Is it scriptural to use an indigenous name of God and has there been good and lasting fruit in the church history from using an indigenous name for God?
This question was thoroughly discussed this week in the article titled, ” Cultural Theology and Missiology”.
The papers introductions about the use of “El” for the Hebrew language was helpful in connecting other cultures use of their indigenous names for “Creator ” or personal God.
God expresses through out His word His desire to be in personal relationship with us, His creation, His people. I agree wholeheartedly with the statement, “It is a gift from God fora people to pray to Him in their native tongue, in their “‘heart language’.
Korea is presented as a good example of how missionaries connected the people with Hananim to find their personal God.
Gods heart is always centered around relationship and I think not only is this pertinent to this subject but also in how we engage another people group. God gave us two ears and one mouth. Its with great purpose. There is so much to gain from hearing others share their stories, to learn how they identify and to sit with open hands, ready to see a signpost that might be right in front of us.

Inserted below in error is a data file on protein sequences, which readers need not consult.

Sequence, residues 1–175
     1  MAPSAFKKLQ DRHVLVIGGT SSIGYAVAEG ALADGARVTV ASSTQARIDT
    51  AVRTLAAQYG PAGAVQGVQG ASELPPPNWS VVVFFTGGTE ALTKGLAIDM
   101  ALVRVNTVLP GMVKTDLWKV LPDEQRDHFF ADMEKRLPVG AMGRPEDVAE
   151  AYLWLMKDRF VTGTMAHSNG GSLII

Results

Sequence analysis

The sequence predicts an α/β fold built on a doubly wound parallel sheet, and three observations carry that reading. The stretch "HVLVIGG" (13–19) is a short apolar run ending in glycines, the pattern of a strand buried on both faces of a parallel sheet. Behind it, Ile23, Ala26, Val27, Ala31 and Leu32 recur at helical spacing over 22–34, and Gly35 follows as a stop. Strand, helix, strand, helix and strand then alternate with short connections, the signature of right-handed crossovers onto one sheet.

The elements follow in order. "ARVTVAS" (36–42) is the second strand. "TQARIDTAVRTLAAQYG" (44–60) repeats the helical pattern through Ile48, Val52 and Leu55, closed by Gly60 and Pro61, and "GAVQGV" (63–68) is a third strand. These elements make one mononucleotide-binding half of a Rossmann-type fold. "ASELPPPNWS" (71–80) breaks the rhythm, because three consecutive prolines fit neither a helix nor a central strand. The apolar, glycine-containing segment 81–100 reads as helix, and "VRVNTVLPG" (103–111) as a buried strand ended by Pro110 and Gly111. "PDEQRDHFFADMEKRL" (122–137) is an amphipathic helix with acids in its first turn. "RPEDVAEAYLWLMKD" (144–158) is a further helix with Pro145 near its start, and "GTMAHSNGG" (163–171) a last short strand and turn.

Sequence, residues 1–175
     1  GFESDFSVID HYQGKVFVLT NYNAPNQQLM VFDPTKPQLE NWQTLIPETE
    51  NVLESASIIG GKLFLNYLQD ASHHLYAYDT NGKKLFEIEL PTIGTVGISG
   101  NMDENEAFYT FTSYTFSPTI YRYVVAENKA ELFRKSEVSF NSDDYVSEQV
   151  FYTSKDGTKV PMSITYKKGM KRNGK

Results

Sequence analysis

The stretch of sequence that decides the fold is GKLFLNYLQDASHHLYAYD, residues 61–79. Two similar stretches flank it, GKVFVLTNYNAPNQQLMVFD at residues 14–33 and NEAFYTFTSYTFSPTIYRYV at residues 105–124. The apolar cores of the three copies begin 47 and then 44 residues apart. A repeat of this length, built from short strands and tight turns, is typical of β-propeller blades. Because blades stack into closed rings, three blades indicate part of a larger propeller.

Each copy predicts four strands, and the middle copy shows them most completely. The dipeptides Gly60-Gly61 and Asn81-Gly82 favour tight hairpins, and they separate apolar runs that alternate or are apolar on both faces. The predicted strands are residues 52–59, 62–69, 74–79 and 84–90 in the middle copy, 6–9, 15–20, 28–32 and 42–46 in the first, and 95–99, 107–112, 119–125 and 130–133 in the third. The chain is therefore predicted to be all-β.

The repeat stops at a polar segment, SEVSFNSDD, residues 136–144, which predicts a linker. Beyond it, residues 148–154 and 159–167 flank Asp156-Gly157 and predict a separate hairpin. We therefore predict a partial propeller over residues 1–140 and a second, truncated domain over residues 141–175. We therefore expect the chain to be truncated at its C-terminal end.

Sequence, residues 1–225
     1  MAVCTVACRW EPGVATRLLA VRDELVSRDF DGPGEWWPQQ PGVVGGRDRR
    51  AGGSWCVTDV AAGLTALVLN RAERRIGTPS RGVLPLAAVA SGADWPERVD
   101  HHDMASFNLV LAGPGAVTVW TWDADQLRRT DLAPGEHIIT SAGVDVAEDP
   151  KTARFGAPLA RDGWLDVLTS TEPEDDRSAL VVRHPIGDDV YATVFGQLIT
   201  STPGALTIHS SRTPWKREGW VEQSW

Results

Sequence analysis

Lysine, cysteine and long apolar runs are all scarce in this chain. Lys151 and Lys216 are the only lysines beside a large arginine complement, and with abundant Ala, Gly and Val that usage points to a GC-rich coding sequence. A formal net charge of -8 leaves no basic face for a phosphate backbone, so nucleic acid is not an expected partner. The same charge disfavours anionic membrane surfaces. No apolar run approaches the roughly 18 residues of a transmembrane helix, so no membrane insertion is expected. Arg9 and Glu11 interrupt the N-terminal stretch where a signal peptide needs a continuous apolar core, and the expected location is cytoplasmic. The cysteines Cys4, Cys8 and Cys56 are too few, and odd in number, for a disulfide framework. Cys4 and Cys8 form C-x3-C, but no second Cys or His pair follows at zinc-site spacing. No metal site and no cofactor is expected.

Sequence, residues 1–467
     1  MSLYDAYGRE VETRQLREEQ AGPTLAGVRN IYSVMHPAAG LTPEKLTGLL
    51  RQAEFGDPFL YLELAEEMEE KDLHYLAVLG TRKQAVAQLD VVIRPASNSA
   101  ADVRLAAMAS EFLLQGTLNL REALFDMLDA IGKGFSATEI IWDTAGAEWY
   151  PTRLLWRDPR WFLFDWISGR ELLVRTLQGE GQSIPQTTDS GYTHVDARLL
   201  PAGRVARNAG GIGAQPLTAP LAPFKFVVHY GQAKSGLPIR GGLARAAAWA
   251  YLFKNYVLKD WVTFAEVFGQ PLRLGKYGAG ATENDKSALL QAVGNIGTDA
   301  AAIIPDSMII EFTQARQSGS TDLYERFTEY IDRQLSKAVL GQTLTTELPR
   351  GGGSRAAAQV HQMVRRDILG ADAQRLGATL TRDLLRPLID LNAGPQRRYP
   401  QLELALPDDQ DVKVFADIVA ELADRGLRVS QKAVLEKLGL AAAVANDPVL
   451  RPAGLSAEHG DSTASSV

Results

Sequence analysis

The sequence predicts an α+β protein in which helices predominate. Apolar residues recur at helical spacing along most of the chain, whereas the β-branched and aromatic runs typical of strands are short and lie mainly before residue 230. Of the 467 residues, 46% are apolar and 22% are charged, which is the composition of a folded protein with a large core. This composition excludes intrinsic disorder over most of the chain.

Unless I missed it, I didn’t find a good way to make this connection for Japanese mentioned in the paper. What I can conclude though at this point, from reading, discussion, and sitting with this topic and material prayerfully is that just as the name “El” for Creator God has become dirtied and was being used to call upon with many other dieties names by the Hebrews at one time… does not mean it has to be thrown out. The same can be true I think for Japanese and the word, ” kami”. Though there are so many “Kamis” and it can be confusing at first to a non believer, it is here that we are invited in by our Father to facilitate life -giving conversation that shares with them this “personal kami ” … their Creator through stories, testimonies and actions that align with his Words.
I tried using these two terms for Supreme Being 上帝 (joutei) also from China, and 天之御中主神 (Ame no Mi-Naka Nushi no Kami), but they don’t seem to be widely used or understood.